Another trait she has is pride. Gretel believes that she knows lots of things but is just as oblivious as her little brother. However because she is too proud to admit that she doesn't know something, she acts as though she is sure about what is happening and therefore can come off as dumb. One case of this is when she mispronounces the word Auschwitz as Out-With. When Bruno is confused about why it is called that Gretel doesn't bother to find out, instead trying to show off how knowledgeable she is, so she states that is means '“Out with the people who lived here before us, I expect,” said Gretel." Also when Bruno asks her why they should not likes Jews, Gretel does not know the answer, but does not want to seem ignorant so she answers in the most basic way possible ""Because they're Jews"' (pg 183) and another case when Bruno asks her even more questions, "“I’m asking you, if we’re not Jews, what were we instead?” “We’re the opposite,” said Gretel, answering quickly and sounding a lot more satisfied with this answer. “Yes, that’s it. We’re the opposite.”" Showing that when she is unsure she gives vague answers or merely parrots what she has heard before.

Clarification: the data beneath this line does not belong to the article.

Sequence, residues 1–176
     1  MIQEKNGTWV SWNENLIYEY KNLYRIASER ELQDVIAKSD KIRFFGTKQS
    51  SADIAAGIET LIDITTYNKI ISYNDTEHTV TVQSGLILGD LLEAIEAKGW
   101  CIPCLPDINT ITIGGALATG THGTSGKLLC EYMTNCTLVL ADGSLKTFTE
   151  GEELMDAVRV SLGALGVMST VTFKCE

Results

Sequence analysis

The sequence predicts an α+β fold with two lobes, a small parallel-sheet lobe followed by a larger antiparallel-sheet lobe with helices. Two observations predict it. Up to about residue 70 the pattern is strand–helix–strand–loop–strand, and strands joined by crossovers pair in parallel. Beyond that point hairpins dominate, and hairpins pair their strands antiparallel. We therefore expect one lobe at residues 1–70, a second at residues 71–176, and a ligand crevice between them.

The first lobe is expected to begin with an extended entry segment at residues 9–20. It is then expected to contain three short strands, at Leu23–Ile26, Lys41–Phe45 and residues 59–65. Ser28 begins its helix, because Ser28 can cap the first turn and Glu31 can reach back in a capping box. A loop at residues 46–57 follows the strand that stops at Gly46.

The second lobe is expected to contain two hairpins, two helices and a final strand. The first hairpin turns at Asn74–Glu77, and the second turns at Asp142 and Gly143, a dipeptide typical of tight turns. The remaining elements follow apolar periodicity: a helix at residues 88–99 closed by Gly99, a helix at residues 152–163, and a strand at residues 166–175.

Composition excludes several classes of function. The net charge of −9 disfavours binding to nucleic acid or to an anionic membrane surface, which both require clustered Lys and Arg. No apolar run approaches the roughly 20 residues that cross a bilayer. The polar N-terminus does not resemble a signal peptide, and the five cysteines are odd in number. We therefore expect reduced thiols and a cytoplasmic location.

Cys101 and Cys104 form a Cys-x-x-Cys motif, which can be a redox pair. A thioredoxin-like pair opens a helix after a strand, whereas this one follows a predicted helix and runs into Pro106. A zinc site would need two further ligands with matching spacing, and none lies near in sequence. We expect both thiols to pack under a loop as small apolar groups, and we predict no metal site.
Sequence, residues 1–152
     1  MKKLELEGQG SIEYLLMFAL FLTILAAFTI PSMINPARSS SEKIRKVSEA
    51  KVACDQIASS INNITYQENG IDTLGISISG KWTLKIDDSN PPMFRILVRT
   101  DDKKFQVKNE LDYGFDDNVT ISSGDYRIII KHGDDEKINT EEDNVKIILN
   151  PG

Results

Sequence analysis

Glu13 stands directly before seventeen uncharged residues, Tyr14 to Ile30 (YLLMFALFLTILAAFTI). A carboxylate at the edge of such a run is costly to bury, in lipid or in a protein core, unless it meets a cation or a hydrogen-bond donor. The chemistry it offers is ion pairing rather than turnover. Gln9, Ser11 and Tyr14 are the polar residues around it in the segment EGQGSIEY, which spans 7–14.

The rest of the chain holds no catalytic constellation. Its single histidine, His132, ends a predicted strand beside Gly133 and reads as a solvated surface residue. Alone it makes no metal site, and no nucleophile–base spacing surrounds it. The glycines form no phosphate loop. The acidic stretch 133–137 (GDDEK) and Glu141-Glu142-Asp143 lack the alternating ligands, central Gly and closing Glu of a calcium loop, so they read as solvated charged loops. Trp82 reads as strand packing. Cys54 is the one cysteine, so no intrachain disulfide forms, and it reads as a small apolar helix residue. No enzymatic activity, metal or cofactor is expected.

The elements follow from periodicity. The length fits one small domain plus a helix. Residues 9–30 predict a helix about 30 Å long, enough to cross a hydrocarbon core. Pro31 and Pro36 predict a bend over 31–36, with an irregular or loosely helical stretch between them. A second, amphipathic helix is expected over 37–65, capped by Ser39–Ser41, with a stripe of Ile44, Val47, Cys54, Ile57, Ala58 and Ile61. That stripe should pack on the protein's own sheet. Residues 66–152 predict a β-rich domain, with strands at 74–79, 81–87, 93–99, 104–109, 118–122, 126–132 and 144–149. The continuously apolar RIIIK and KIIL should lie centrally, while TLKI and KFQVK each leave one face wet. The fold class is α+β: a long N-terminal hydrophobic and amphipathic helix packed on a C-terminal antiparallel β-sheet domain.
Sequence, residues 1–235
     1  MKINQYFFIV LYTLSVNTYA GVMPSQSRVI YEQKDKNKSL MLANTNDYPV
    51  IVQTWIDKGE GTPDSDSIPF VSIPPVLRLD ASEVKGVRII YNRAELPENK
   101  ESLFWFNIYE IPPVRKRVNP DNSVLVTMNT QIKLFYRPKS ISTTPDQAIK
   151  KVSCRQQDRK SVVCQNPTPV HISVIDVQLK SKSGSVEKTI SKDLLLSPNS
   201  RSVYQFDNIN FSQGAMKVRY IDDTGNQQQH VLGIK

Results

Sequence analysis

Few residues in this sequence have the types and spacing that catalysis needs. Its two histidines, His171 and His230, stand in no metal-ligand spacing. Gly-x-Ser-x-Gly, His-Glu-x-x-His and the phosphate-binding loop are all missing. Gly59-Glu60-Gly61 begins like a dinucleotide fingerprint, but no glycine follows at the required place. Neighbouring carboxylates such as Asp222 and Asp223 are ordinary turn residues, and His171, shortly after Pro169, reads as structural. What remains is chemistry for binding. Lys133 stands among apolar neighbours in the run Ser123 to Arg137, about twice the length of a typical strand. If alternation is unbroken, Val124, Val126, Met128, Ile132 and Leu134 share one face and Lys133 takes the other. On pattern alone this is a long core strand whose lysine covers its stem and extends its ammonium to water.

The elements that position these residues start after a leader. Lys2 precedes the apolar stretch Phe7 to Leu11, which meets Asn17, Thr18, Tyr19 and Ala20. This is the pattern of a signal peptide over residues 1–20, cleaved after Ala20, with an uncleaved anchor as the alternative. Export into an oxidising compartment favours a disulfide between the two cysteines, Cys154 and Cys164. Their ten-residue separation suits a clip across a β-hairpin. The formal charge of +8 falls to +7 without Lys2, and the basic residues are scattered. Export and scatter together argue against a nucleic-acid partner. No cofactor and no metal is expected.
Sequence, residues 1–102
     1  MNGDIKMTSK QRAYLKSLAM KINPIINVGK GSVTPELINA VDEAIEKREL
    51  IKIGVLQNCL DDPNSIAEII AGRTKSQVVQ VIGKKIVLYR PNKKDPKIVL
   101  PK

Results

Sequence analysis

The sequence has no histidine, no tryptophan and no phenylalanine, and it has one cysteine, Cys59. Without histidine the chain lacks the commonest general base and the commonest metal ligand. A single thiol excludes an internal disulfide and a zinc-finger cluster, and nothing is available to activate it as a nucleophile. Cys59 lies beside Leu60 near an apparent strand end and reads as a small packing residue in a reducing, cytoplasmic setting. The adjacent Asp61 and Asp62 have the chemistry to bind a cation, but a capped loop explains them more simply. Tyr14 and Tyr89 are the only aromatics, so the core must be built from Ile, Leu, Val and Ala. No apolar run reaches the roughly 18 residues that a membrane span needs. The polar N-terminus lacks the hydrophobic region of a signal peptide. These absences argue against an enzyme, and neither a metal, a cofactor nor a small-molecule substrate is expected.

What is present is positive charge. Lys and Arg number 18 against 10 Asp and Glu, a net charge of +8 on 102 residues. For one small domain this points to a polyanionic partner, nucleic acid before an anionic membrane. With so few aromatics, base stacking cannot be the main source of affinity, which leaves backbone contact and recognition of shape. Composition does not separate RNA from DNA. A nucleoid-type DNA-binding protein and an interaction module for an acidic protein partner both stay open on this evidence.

Overall these two traits make Gretel an irritating character, and she is not often viewed kindly in either the readers -or Brunos- eyes

Bruno's Father:

Bruno's father is a minor character in the story. His real name is Ralf and he is an SS officer. In the book his father decides to move to 'Out-With', Poland.

Ralf is quite demanding and always wants his family to listen to him. Bruno's father didn't often give hugs and wasn't too friendly of a person: "Father was not usually the type of man to give anyone a hug, unlike Mother and Grandmother, who gave them a little too often for comfort." (5.232). Ralf and Elsa often agree with each other, somtimes though they seem to be arguing: "Your father's job, you know how important it is, don't you?" (1.16) and "He heard her speaking loudly to him until Father spoke louder than mother could and that put a stop to their conversation." (1.10)

Lieutenant Kotler